Informace o publikaci

Role EU’s Free Trade Agreements in the implementation of the Paris Agreement through promotion of energy efficiency and transfer of low-carbon technologies


ŠVEC Martin

Rok publikování 2018
Druh Další prezentace na konferencích
Fakulta / Pracoviště MU

Právnická fakulta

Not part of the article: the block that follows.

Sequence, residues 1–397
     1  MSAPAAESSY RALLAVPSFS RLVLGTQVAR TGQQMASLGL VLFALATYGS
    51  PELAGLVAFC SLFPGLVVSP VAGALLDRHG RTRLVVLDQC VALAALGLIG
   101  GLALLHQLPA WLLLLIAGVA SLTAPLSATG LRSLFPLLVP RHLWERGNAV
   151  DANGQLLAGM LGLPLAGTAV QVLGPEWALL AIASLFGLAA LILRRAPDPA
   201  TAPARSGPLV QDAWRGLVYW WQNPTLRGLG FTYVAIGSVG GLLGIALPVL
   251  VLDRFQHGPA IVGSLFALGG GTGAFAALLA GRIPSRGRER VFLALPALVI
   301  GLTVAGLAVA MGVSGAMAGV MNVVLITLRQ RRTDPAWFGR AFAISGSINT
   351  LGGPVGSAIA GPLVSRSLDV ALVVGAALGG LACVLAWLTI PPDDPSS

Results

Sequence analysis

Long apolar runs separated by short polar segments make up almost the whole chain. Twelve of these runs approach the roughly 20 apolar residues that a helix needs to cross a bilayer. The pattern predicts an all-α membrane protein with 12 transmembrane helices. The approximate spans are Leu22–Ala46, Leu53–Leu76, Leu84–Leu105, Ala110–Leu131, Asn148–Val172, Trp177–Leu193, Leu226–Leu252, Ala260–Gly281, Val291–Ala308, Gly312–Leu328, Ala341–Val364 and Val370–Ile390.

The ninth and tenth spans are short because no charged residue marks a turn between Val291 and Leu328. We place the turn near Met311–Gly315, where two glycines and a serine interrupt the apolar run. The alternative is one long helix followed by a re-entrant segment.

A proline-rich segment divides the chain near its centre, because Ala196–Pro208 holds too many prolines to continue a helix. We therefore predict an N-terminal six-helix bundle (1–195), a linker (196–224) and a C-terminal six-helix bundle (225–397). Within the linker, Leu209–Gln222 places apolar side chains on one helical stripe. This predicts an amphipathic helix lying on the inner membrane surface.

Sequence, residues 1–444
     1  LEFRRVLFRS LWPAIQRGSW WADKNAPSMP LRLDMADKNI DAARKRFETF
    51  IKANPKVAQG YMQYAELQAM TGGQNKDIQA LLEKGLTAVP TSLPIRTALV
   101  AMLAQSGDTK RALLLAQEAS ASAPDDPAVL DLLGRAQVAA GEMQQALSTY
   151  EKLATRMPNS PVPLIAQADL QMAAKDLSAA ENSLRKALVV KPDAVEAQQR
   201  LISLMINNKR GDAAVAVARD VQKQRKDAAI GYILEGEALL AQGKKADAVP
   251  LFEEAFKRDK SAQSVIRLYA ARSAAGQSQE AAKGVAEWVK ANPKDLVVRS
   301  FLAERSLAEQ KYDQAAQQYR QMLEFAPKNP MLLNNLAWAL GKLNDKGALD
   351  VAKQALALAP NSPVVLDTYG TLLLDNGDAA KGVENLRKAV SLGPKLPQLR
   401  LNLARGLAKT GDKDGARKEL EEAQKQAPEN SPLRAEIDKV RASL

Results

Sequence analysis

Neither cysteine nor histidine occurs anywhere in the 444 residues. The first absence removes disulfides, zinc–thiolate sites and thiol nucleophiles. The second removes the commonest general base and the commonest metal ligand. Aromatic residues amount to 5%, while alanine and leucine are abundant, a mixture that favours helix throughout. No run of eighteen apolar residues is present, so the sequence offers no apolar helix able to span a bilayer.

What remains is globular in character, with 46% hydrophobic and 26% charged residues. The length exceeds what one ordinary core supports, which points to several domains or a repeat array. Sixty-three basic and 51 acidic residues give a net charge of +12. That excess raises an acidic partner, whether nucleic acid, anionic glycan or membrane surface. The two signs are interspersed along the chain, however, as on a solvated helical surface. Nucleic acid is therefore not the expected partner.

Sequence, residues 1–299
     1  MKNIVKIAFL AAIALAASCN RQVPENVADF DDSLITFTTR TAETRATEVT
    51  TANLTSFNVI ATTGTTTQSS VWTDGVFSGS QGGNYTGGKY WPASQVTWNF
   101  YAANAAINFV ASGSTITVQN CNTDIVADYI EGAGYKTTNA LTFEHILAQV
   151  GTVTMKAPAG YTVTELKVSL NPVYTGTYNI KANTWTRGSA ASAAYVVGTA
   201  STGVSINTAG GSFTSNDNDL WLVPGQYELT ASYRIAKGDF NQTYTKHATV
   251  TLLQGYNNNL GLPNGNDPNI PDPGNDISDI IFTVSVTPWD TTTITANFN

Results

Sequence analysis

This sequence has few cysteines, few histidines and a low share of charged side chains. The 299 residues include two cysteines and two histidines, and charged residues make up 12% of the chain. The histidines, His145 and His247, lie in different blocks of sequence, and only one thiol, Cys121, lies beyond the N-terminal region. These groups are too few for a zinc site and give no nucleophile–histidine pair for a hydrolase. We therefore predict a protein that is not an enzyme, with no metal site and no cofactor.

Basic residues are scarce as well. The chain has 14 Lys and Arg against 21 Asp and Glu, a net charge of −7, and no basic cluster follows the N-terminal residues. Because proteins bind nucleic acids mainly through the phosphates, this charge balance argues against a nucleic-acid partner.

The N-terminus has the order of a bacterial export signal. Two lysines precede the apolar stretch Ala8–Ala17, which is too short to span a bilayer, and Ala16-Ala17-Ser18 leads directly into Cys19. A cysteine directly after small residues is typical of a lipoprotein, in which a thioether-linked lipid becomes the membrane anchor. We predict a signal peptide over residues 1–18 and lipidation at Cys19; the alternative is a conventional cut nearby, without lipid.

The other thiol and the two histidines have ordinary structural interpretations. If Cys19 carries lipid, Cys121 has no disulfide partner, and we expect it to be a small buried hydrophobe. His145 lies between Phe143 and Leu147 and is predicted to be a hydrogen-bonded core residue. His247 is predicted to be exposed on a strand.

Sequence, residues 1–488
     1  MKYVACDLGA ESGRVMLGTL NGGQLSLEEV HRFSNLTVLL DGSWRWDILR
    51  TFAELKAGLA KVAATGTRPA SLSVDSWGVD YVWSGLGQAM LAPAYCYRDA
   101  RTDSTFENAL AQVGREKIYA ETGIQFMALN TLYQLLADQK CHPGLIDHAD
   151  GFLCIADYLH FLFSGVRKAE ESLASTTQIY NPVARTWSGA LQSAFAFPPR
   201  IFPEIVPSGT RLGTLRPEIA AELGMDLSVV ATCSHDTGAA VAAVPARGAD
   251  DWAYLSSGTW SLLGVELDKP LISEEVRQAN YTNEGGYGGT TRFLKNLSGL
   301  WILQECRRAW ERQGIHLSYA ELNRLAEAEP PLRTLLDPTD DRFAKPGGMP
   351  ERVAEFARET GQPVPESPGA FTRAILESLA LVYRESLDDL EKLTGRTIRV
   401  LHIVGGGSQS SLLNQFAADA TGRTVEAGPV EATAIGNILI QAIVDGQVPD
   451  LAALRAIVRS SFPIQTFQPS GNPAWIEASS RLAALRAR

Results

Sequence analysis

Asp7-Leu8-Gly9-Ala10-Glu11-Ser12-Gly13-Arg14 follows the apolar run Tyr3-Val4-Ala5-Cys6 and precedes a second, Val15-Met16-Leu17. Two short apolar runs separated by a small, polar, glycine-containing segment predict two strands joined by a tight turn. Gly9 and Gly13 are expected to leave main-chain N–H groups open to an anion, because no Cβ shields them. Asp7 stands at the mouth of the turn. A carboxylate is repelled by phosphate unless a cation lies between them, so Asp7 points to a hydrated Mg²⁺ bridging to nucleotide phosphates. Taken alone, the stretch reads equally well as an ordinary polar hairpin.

Popis The UN Climate Change Conference (COP21) in Paris together with the adoption of the United Nations 2030 Agenda on Sustainable Development launched a new era of a global transition to a low-carbon economy. Ratification of the Paris Agreement is undoubtedly a turning point in the global response against climate change. Now, the world community is expected to effectively turn its both legal and political commitments into action; to move from rhetoric to practice. However, successful implementation of the Paris Agreement requires the widest possible cooperation by all countries, and their participation in an effective and appropriate international response. Articles 11 and 12 of the Paris Agreement explicitly refer to international cooperation by encouraging parties to enhance the capacity and ability of developing countries to take effective climate change action, in particular to implement adaptation and mitigation actions, to facilitate technology development, dissemination and deployment, to access climate finance and to raise public awareness and enhance transparency. The European Union presents itself being at the forefront of the transition to a low-carbon economy. In this context, EU puts considerable attention to energy and climate diplomacy. The EU aims at strengthening international cooperation to help its partners build climate resilience and reduce CO2 emissions as well as at exploring innovative mechanisms for mobilizing additional climate finance from private investors. It is understood that a transfer of low-carbon technologies is essential for achievement of goals set by the Paris Agreement. Trade agreements may a) effectively eliminate both tariff and non-tariff barriers between respective countries, b) provide necessary protection against the host state interference and consequently accelerate flow of investment in low-carbon technologies, c) strengthen regulatory frameworks that can facilitate private-sector engagement in transition to a low-carbon economy, and consequently enhance transfer of technologies. Against the background of global efforts to respond to climate change, EU promotes non-trade objectives (e.g. sustainable development, climate action) through its trade policy by leveraging trade agreements. In light of a various unsatisfactory attempts to facilitate transfer of low-carbon technologies at multilateral level, the EU has reinforced its trade policy, particularly in form of FTAs. The paper focuses on EU free trade agreements, assessing to what extent they incorporate climate related elements. In particular, the paper analyses chapters of FTAs in relation to promotion of energy efficiency and transfer of low-carbon technologies. The first section frames global transition towards a low-carbon economy in the context of recent developments, especially in light of the Paris Agreement and the UN 2030 Agenda for Sustainable Development. The second section reviews the principles of EU trade, climate, energy and development policy. The third section analyses relevant provisions of FTAs both in force and negotiated by the EU and discusses how did recent developments in EU climate and energy policies as well as EU’s obligations arising from international treaties, particularly from the Paris Agreement, affected actual wording of FTAs. The forth section describes recent proposals to further strengthen and align EU trade and climate policy. In other words, the paper aims at identifying to what extent does EU trade policy reflect non-trade objectives and to what extent does EU energy and climate policy seek to pursue its objectives via trade related instruments of international law.

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